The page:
Company, Product, and Service Naming – Strategic, not Subjective
Bryant Brown healthcare marketing professionals discuss a proven process to create memorable names for companies, brands, and services.
Naming, name creation, brand name, company name, product name, service name, healthcare marketing agency, healthcare marketing, healthcare advertising agencies, healthcare marketing agencies, Bryant Brown Healthcare
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Company, Product, and Service Naming – Strategic, not Subjective

Naming a company, product, or service is not like naming your newborn. Naming a baby tends to be subjective and emotional (“George? I hate the name George! When I was a kid, I was bullied by a guy name George!”)

Naming needs to be non-emotional, subjective, and strategic. Easier said than done.

To help you achieve that goal, we’ve created a strategic naming process we call the “5 S Test.” When naming a company, product, or service, subject every name option to the following five tests:

1. Sell

The name must be on strategy. It must reflect the brand positioning and strategic direction of the organization.

2. Say

Is the name easy to pronounce? If it’s unwieldy, it’s doomed. Sure, there are exceptions, but few. How many millions of dollars has Wausau spent on advertising in an attempt to help people pronounce and remember their name? (And it’s still not the household name of Met Life or John Hancock if you’re talking about Wausau Insurance, not Wausau Paper…which raises a whole host of other issues.) “Hyundai” wouldn’t immediately pass the Say Test. And there are others that have succeeded despite their name. But most successful brands have a name that people can pronounce right from the start.

3. Spell

It’s on strategy and you can say it, but do you have to spell it every time? Having to spell your name over and over can quickly become not only annoying, but also downright detrimental to your brand—spelling shouldn’t be the start of precious time with a prospect or customer, or hinder your prospect from making contact with you. Think Wausau again which, for years, has run campaigns telling people how to spell their name. Some may make the argument that this just becomes a device to push the brand to the forefront and repeat the name—particularly a brand of insurance, a service that is essentially invisible. But again, couldn’t the money be spent on a more productive kind of differentiation? This is the approach that most successful, spell-able brands take.

This is not to completely rule out options with spelling that deviates from the norm. A name can have unusual spelling but still be easy to understand and remember. For example, the spelling of “Citi” Bank is well known to their customers, of course, but also to consumers in general.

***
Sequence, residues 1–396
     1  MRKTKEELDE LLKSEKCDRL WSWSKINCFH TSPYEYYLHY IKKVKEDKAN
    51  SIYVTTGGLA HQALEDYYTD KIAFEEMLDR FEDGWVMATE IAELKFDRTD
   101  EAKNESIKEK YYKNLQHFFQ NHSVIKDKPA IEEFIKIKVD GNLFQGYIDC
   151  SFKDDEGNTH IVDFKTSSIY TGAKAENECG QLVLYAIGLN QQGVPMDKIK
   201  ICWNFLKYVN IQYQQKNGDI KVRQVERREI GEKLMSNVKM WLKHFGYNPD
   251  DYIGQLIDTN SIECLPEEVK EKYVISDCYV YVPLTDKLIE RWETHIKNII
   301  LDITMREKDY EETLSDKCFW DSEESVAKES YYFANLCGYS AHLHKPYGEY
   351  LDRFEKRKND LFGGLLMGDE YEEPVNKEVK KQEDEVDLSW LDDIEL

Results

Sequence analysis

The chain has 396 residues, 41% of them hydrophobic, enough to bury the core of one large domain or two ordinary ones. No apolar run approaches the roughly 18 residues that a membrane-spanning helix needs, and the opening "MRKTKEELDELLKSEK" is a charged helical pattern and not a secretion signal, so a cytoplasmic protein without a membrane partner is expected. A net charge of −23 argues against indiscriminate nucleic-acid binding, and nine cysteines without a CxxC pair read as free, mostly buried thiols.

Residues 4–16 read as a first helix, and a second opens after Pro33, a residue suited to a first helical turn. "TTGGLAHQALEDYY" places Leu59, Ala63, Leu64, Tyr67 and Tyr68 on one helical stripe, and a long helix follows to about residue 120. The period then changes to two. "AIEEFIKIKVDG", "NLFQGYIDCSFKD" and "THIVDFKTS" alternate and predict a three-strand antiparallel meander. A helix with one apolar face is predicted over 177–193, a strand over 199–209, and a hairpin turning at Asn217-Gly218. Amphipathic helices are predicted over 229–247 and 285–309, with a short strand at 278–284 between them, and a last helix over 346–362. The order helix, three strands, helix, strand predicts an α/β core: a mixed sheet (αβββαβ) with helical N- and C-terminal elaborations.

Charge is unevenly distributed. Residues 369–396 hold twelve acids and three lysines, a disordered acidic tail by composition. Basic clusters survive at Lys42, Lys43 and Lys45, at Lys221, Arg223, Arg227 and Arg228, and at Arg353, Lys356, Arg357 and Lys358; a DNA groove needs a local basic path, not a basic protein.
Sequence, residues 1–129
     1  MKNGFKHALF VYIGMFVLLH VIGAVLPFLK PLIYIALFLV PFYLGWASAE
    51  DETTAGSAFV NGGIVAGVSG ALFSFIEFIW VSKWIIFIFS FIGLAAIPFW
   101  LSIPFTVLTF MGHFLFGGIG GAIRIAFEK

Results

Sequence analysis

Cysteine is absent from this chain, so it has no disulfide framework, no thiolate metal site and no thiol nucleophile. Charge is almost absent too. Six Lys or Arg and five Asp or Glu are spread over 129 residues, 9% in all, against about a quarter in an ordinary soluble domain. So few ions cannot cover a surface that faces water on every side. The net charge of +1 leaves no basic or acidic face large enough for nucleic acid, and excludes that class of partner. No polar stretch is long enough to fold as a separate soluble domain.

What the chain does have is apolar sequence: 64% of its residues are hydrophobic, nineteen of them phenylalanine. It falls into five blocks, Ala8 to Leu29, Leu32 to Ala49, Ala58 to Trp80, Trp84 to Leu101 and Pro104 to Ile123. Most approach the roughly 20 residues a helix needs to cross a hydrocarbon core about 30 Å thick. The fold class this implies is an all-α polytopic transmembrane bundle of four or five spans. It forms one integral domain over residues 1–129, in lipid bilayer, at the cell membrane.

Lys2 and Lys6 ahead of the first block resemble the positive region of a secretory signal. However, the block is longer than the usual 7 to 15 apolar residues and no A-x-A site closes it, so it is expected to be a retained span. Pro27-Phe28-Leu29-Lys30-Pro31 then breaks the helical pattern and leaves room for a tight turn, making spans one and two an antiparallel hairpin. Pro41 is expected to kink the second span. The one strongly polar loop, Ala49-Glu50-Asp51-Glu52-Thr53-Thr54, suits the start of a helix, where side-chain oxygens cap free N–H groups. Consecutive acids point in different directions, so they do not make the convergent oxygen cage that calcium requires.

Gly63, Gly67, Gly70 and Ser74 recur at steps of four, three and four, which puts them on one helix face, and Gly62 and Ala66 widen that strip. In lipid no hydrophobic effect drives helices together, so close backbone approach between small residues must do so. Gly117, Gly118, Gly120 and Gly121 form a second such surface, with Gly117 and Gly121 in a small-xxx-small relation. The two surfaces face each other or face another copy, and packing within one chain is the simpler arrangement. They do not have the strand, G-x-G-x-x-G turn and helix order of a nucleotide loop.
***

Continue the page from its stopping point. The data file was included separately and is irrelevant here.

4. Smell

Okay, so the name is strategic, pronounceable, and doesn’t have to be spelled every time. Is it good? Or does it stink? You can say it, but can you say it with a straight face and without embarrassment? Project forward to the day you announce the choice to the Board. How will they react? Pretend you’re the company receptionist—answer the phone “cold” with the proposed new name. How does it “feel”? Is it pleasing and positive—not forced, not weird, not boring? What will your stakeholders and customers like and dislike about it? Every name has strengths and weaknesses. We try to be thorough and blunt in assessing both for every option…because we know your audiences will.

5. Search

Copyrighting is the final test. A name can meet all of the above criteria, but if your legal counsel can’t secure clearance, you can’t proceed safely. It’s painful when a favorite option falls out of the running for this reason, but better to discover it now than too late.

But once again, there are potentially numerous judgment calls to make. A name may be identical, or similar, to another company’s name, but if you and your legal counsel deem it non-conflicting, you may choose to proceed. In other cases, a company may deem a potential conflict surmountable through negotiations with the party currently holding the trademark.

However, we generally recommend you take the conservative approach—to avoid, as much as possible, names without a “may already be taken” or “get ready for negotiations” asterisk attached. As always, there are exceptions; however, in most cases, it seems shortsighted to conclude that there is only one acceptable option for a name, especially one that’s already taken.

That’s why it’s critical to conduct a preliminary name search with the following primary sources:

•  US Patent and Trademark Office

•  GoDaddy

•  Google

This isn’t a conclusive, binding, international search, but it helps weed out a lot of options that are good, or even great, but may pose problems when you seek clearance and ownership.

If the name is trademarked, eliminate it. If the URL is taken, eliminate it (unless the URL is for sale). When doing a Google search, if you discover other products or services that have the same or a similar name, eliminate those that are in your field.  And immediately eliminate from consideration any that have matches or near-matches suggesting irreverence, immorality, or unprofessional behavior.

Developing naming options is easy. Developing names that pass the 5 S Test is not. That’s why we recommend your counsel check the availability of three name options vs one—so you don’t put all your eggs in one basket.

Need help with a name? Contact Bryant Brown Healthcare.